Phenylpropanolamine (Dexatrim): Phenylpropanolamine was an over-the-counter weight loss ingredient found in products like Dexatrim. It was removed from the US market in 2000 due to its association with an increased risk of hemorrhagic stroke.
Phenylpropanolamine (PPA) was found in over the counter weight loss drugs and allergy medications.
Era of Discovery
Mechanism of Action
Over-the-counter weight loss ingredient
History of Use in the United States
Used as an OTC weight loss ingredient until 2000
Benefit of Weight Loss Agent or Medication
Possible Side Effects
Increased risk of hemorrhagic stroke
Current Regulatory Status in US
Removed from the market
Phenylpropanolamine: A Journey from Popular Over-the-Counter Drug to Banned Substance
Phenylpropanolamine, once a popular over-the-counter medication, has had a unique trajectory in its journey, ranging from widespread usage to a complete ban due to safety concerns.
Phenylpropanolamine's History and Initial FDA Approval
Phenylpropanolamine (PPA), developed in the mid-20th century, quickly became popular for two main uses: as a decongestant in cold and flu medications, and as an appetite suppressant for weight loss. Given its OTC status, it was readily available without a prescription, leading to widespread use.
Mode of Action
Phenylpropanolamine is a sympathomimetic agent, meaning it mimics the action of adrenaline in the body. In the case of weight loss, PPA would trigger the fight-or-flight response, which, among other effects, suppresses appetite. The drug also worked as a decongestant by constricting blood vessels in the nasal passages, relieving congestion symptoms.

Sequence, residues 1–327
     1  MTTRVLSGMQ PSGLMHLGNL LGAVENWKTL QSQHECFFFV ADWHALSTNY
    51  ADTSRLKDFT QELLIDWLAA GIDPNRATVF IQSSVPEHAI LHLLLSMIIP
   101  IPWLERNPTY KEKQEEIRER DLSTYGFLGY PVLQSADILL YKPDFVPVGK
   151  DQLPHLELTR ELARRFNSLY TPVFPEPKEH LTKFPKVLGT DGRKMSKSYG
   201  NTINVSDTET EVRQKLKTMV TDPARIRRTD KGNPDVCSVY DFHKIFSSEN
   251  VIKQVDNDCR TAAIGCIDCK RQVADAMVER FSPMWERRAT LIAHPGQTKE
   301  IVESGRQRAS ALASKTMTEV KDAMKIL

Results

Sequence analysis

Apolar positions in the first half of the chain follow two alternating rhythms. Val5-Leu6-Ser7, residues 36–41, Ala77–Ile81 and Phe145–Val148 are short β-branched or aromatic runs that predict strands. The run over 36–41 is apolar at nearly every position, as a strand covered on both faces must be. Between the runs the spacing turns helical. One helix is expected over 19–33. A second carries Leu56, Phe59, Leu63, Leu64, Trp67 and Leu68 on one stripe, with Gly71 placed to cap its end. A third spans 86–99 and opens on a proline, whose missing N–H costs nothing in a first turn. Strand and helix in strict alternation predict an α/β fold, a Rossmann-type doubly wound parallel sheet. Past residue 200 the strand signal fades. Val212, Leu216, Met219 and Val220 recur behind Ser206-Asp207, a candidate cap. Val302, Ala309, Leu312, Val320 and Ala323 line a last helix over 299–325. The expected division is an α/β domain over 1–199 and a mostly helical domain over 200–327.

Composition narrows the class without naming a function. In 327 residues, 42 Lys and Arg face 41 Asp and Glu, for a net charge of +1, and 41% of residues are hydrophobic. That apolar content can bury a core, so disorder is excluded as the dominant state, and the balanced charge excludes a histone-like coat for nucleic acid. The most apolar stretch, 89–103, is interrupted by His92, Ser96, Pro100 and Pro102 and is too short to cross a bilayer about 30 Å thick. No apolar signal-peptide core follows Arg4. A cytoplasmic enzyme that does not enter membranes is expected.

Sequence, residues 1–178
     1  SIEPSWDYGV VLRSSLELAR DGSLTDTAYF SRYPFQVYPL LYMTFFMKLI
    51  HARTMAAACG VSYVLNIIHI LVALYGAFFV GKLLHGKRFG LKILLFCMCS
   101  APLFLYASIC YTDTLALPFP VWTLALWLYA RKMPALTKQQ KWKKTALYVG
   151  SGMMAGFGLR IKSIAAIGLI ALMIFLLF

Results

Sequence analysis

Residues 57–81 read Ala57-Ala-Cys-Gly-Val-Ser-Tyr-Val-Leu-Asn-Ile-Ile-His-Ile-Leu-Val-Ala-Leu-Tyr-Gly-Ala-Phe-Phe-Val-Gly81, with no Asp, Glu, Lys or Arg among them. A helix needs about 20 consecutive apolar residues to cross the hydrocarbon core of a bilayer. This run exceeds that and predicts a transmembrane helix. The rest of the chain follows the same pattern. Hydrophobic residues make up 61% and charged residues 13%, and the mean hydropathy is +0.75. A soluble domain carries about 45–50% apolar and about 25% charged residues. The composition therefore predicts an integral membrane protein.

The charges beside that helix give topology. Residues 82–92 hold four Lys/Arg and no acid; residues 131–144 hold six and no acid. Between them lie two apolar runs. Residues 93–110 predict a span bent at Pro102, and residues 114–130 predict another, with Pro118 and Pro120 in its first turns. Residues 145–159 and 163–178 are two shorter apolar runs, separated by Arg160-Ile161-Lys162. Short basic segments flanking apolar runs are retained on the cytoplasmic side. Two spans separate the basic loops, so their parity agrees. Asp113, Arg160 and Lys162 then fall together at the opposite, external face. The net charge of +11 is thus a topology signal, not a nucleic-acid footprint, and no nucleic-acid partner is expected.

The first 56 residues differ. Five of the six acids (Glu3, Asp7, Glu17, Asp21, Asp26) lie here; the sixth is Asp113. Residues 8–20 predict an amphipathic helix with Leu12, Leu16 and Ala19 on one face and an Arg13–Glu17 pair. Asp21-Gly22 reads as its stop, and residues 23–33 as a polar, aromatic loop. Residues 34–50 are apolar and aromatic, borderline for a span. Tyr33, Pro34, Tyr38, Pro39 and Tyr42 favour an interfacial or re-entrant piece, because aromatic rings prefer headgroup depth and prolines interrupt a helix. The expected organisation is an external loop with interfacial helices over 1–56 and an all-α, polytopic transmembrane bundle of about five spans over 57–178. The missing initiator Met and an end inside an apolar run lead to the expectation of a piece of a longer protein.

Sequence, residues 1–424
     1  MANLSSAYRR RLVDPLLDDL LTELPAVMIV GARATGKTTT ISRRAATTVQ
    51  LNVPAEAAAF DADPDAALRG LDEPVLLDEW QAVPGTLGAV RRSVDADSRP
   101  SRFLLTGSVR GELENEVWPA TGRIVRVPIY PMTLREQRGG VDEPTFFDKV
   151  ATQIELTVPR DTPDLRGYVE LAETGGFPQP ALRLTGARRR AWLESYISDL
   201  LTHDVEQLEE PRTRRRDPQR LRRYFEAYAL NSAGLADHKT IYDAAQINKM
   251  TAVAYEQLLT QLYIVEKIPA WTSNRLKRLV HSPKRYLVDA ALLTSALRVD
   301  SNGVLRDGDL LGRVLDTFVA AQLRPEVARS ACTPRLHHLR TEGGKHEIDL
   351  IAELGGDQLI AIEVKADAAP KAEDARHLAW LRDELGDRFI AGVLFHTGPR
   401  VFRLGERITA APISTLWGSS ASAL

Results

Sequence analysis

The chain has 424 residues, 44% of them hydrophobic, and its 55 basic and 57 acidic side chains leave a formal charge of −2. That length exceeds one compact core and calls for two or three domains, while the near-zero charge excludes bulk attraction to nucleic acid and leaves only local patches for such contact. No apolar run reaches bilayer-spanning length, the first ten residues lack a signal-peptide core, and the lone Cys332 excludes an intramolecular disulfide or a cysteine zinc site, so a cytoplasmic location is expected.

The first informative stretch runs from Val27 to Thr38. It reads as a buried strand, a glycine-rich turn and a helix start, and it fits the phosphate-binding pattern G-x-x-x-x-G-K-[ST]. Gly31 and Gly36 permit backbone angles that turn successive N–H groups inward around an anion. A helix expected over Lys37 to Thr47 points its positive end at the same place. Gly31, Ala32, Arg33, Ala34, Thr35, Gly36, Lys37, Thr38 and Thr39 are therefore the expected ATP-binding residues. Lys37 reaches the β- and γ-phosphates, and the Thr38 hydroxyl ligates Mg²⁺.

Safety Profile and Concerns
Initially, phenylpropanolamine was viewed as a relatively safe drug, given its over-the-counter status. However, in the early 2000s, a study known as the Yale Hemorrhagic Stroke Project found a link between PPA and an increased risk of hemorrhagic stroke in women. This led to an FDA public health advisory in 2000, warning about the risks associated with phenylpropanolamine. The FDA requested that all drug manufacturers discontinue products containing PPA due to the stroke risk.
Current Availability and Usage
Following the FDA advisory, phenylpropanolamine was effectively removed from the market in the United States. Many countries followed suit, banning the substance or reclassifying it as a controlled substance. Today, phenylpropanolamine is no longer available for human use in most countries, though it is sometimes still used in veterinary medicine for the treatment of urinary incontinence in dogs.
Despite its previous popularity, the history of phenylpropanolamine serves as a sobering reminder of the importance of post-marketing surveillance in ensuring drug safety. Its case underscores the significance of ongoing research and vigilance in pharmacovigilance, even for drugs that are seemingly safe and widely available.